Packaging Caddy

Makes perfect sense. In that case, I suggest we (okay, I) write up some guides for setting up “production-ready” Caddy on various Linux distributions, to give a jumping-off point for the more skittish users out there.

when caddy would become more modular we could manage it like:

  • caddy → Installs caddy server without any plugins
  • caddy-plugin-hugo → adds Hugo Plugin to caddy and restarts caddy after successful install
  • caddy-plugin-git → adds Git Plugin to caddy and restarts caddy after successful install

and so on


@Bitti09 Ehh, could end up being a bit convoluted, and IMO doesn’t line up with the Caddy philosophy.

Interesting idea.

When Caddy gets a REST API this will be possible with a simple HTTP request.

It does if another machine does the build, and the “working” Caddy process doesn’t stop until the new one is working fine (we already have this logic in current reloads).


another machine does the build

I feel I’m going to end up hacking together a script that generates .deb packages based on the plugins you want…

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I just woke up from my old man nap, so just kick me if I’m spewing fumes. What about having plugins available via something like Webmin and have this automagically parked behind a Basic Authentication wall? And this whole webpanel available as a boolean choice on the initial caddyserver install?

I know. It’s either time to brew a pot of joe or go back to letting the cat sleep on my head.

I’m fine with it if people in the community (you folks) want to package Caddy up for distros. I’m not gonna stop you. :slight_smile: Do it however you think is best. I don’t have experience in that area. I just ask that if you do so, to keep it maintained and up to date with the latest stable Caddy version.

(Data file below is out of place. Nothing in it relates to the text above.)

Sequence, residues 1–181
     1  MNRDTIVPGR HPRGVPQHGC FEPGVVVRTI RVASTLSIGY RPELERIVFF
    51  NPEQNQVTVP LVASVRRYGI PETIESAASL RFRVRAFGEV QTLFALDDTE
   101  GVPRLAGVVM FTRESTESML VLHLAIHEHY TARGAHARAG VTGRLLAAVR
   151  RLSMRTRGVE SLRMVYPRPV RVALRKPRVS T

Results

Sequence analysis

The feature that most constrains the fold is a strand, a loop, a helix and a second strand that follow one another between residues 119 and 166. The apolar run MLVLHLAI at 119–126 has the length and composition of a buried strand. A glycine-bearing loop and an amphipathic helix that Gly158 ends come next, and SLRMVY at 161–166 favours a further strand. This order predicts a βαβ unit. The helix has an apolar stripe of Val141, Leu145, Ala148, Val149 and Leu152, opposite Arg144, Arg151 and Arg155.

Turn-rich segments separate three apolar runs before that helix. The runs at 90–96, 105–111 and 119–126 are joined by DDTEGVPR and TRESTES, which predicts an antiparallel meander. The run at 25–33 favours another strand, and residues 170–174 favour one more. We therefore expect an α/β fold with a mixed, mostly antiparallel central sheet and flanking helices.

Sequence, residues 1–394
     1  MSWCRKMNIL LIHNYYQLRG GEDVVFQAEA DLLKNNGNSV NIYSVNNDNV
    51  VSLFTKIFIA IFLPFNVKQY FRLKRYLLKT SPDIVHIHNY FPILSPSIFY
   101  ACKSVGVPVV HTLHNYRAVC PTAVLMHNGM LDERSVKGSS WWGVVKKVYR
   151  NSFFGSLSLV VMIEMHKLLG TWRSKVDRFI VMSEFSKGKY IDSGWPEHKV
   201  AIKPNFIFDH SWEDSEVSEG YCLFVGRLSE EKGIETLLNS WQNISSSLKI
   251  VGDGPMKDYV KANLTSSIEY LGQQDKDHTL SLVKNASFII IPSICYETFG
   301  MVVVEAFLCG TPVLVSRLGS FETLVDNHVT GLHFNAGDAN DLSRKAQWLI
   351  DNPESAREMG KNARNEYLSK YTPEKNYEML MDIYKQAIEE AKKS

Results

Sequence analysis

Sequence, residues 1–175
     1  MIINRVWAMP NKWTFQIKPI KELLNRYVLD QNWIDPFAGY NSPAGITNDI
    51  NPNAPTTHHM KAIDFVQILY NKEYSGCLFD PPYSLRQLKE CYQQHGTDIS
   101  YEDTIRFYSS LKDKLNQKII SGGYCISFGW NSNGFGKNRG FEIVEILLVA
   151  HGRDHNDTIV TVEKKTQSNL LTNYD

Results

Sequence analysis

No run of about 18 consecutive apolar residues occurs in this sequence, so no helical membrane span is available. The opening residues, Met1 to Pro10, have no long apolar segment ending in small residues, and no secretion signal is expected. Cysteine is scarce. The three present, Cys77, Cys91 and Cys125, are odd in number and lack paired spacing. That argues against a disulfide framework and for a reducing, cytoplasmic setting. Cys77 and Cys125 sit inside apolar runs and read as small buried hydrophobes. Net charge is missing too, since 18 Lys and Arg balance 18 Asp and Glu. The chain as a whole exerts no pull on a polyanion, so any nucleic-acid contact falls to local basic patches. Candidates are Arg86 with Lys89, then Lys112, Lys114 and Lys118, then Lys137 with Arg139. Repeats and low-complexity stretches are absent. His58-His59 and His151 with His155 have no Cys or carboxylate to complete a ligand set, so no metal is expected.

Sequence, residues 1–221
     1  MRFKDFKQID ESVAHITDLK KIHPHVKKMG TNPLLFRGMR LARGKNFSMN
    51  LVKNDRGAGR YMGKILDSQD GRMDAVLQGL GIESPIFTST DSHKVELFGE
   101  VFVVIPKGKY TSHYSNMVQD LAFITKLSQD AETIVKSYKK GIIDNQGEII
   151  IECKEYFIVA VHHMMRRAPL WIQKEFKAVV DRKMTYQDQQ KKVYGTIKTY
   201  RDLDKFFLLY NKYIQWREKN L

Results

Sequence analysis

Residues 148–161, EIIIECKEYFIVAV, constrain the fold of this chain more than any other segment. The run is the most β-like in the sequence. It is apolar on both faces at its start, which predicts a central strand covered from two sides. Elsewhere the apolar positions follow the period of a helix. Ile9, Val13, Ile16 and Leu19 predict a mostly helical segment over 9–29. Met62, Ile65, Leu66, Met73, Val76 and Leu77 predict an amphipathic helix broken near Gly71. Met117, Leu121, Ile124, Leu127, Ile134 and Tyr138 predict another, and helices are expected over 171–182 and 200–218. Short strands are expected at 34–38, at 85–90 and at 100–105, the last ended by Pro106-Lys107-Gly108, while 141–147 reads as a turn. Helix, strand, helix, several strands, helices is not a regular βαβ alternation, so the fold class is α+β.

As an ex-Debian maintainer myself, I think distro packages are a gigantic waste of time.

Developers should use go get. Production users should use Docker.

KISS! :kissing_heart:


@matt Why not consider a Caddy-specific package manager that can be installed as a distro package? That way, you’d be able to leave the build process on the Caddy build servers but still automate, say, the creation of a Caddy user/service file/etc. Once we had a functional package manager/build environment, it could even be genericised for other go-based projects.


I think distro packages are a gigantic waste of time.

As someone who doesn’t particularly enjoy writing systemd service files, I think they’re a gigantic time-saver :stuck_out_tongue:

Production users should use Docker.

I disagree. Firstly, docker doesn’t solve the issue we’ve run into (distributing a “package” with a user’s selection of plugins), and secondly I honestly don’t think Docker all that good. I don’t want to risk getting too off topic, mind, so I’ll shut up and we can have that conversation elsewhere if you fancy it.


OOOO, cvm = “caddy version manager”

cvm get master
cvm get 0.8
cvm list plugins
cvm install git

Maybe this is what caddyext already is?


That’s an interesting idea. It would require installing Go as well, though. So, not for production use – for development machines only?